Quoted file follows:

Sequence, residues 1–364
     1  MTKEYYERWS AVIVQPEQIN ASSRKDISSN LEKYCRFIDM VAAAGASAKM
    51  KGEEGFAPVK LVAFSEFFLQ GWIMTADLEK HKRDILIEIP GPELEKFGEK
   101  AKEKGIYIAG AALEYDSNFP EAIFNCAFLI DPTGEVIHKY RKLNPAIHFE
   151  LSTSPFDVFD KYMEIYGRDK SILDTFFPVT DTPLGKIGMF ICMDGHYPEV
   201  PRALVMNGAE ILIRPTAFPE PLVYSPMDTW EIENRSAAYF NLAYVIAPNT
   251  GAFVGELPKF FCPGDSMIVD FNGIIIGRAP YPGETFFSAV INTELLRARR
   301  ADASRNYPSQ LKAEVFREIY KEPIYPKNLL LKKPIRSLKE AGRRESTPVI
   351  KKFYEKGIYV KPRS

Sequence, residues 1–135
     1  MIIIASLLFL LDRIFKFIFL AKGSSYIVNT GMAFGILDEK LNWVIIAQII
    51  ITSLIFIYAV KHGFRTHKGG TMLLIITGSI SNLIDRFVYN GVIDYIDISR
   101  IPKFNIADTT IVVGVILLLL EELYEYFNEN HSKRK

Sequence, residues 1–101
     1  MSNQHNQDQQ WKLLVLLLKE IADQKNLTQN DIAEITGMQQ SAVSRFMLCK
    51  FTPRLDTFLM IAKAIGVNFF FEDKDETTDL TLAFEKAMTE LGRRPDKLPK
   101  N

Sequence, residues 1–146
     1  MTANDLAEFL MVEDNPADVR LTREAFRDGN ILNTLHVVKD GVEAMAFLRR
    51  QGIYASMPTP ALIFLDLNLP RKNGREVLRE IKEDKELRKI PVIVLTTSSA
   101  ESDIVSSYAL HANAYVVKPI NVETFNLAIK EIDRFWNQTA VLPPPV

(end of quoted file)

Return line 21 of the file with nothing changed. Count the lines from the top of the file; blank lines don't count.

   101  ESDIVSSYAL HANAYVVKPI NVETFNLAIK EIDRFWNQTA VLPPPV